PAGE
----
04/11/2012, 00.00
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South China Sea: common stance against Beijing's imperialism

by Paul N. Hung
Hanoi backs Manila, hoping for a multilateral approach in settling disputes with China. The Chinese Navy has been holding Vietnamese fishermen as hostages for weeks demanding ransom money for their release. Off the coast of the Filipino island of Luzon, the Filipino Navy is confronting Chinese vessels.

Hanoi (AsiaNews) - Hanoi backs Manila, hoping for a multilateral approach to settling conflicts with Beijing in the South China Sea, an area that is at the centre of fierce dispute over resources. This is one of the outcomes of a recent summit in Cambodia by the Association of Southeast Asian Nations (ASEAN). Mr. Benigno Aquino, president of the Philippines, suggested that the ten-nation association "maintain a common stance" vis-à-vis China, which favours instead bilateral deals with the various stakeholders. Meanwhile Filipino and Chinese warships remain engaged in a naval confrontation off the island of Luzon, a situation that can only increase tensions in the area.

Vietnam accuses the Chinese of holding 21 Vietnamese fishermen it captured inside Vietnamese territorial waters, demanding a US$ 11,000 ransom for each. Vietnam's appeal for their release has been ignored.

Lộc, a fisherman from Lý Sơn Island, said that people are very angry with the "cruel Chinese". He insists that the Paracel Islands belong to Viet Nam.

Lê thị Hậu, 31, said her husband Nguyễn Lợi, 34, was arrested by China's Navy. "I am worried for the fishermen," she added, "because they are often beaten by Chinese naval forces."

The confrontation over resources in the sea now involves India. In the past week, Beijing warned New Delhi that "India should not explore and exploit [resources] in the South East Asia."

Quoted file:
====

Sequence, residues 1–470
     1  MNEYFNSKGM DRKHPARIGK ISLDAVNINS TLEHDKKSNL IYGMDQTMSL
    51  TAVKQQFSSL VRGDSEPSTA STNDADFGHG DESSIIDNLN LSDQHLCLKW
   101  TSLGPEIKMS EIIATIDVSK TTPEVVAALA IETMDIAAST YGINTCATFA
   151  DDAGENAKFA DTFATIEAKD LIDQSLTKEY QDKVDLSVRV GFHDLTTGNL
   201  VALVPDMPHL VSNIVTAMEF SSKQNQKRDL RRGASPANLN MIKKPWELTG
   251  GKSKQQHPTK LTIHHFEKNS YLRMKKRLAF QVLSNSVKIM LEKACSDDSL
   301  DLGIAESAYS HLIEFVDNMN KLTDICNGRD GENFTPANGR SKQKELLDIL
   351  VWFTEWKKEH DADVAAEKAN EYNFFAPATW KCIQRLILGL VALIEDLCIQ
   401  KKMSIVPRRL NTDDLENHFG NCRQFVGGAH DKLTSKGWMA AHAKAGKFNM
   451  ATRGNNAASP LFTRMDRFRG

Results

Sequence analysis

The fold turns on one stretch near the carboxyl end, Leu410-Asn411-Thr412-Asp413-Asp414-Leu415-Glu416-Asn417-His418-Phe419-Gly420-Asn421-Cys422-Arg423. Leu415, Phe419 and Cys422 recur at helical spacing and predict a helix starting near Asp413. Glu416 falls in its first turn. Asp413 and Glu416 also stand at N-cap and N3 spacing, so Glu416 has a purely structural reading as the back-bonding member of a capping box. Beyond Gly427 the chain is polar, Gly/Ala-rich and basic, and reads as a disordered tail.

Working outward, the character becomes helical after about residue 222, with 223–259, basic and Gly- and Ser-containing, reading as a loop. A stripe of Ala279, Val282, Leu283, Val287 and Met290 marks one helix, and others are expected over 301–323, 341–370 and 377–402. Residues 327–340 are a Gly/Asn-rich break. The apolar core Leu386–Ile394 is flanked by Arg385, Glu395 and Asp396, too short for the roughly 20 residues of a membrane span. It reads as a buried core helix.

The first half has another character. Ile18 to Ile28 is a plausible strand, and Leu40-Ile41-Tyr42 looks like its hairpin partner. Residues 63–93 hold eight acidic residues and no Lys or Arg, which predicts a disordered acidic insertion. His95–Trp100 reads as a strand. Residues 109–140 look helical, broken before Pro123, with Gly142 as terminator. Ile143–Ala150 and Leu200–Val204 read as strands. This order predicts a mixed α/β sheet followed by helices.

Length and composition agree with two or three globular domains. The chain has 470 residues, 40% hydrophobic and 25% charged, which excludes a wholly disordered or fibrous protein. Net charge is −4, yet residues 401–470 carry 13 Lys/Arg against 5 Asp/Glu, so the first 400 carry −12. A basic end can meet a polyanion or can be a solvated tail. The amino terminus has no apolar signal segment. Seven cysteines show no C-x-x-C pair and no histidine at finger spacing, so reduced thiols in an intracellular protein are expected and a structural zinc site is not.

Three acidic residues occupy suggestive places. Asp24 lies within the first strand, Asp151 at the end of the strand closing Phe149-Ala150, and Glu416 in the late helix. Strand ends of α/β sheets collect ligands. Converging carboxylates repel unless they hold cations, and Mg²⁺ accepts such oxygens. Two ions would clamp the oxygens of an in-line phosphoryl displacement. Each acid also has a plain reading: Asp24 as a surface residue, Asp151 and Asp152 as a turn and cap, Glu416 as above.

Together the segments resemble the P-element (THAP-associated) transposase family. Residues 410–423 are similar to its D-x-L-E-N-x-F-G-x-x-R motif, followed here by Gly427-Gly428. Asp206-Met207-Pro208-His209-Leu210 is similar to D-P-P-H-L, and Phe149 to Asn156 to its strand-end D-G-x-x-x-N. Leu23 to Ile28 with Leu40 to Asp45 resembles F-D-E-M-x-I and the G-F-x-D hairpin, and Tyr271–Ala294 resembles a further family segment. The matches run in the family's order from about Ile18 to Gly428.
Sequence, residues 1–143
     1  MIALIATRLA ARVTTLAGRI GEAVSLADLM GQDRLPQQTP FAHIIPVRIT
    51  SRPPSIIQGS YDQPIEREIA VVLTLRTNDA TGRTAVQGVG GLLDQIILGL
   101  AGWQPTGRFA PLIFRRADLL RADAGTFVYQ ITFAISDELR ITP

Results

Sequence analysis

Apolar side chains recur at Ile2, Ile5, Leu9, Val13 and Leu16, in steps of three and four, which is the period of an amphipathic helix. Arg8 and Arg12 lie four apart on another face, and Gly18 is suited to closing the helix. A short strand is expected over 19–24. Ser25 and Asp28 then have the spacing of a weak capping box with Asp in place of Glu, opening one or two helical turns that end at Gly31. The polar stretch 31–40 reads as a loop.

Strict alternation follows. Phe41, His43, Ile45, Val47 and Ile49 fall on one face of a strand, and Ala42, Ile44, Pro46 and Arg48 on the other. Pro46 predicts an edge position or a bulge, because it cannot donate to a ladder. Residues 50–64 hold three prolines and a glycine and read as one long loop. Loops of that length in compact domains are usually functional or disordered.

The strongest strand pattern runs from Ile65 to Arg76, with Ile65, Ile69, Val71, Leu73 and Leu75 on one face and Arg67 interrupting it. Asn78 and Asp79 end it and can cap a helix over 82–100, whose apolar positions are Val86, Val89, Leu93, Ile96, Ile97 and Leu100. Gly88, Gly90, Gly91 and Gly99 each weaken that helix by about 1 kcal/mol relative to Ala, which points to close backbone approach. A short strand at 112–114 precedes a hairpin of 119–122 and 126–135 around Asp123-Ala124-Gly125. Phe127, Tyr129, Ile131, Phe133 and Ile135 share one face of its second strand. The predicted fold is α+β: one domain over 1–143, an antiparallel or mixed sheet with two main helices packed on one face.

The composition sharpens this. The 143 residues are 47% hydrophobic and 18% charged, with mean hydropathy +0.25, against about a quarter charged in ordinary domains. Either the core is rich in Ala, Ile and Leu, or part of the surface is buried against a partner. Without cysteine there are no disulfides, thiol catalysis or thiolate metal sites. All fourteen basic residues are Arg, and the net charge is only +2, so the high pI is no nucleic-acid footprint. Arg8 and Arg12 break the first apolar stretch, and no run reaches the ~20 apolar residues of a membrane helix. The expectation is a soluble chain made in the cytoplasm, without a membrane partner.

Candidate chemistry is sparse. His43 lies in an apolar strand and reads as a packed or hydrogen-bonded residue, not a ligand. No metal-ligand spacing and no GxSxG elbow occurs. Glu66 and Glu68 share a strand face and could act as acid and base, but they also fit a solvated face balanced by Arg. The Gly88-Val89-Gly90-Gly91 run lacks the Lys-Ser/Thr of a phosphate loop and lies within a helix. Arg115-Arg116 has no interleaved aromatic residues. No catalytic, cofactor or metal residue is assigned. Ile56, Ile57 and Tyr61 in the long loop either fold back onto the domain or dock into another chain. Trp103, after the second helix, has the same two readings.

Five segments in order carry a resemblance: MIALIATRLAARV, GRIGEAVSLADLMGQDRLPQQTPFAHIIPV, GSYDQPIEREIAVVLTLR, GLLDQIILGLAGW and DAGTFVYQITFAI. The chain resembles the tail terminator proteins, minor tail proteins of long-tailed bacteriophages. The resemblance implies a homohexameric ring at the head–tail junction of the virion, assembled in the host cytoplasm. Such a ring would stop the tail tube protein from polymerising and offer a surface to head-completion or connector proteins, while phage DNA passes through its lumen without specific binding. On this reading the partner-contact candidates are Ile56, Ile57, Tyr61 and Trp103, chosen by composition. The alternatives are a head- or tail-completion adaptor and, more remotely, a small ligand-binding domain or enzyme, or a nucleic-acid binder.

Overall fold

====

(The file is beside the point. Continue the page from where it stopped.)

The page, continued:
The statement follows a series of agreements signed by the Indian and Vietnamese governments, which grants Indian oil companies exploration rights in Vietnamese territorial waters. In response, New Delhi informed Beijing that the affected area is under Vietnam's exclusive jurisdiction.

Meanwhile, a high-profile confrontation between Filipino and Chinese warships continue, involving the Filipino Navy's flagship vessel.

On Sunday, the ship caught eight Chinese fishing boats in Filipino territorial waters, about 120 nautical miles off the coast of Luzon Island. Two Chinese maritime surveillance ships sailed to the disputed area on Tuesday and blocked efforts by the Filipino ship to arrest the fishermen.

On Wednesday, the Chinese embassy in Manila released a statement afternoon insisting the area belonged to China, and ordering the Filipino warship to leave immediately.

The Philippines says it has sovereign rights over areas of the sea within its 200-nautical-mile exclusive economic zone, and that its position is supported by international law.

Among Asia-Pacific nations, China has the most extensive territorial claims in the South China Sea.

Regional hegemony would be strategically important for Beijing because it would allow it to control the region's trade and natural resources, such as oil and natural gas.

Vietnam, Philippines, Malaysia, Brunei and Taiwan have challenged China's expansionist aims, backed by the United States.

In the past few months, a number of incidents have occurred involving warships and fishing vessels from different nations.

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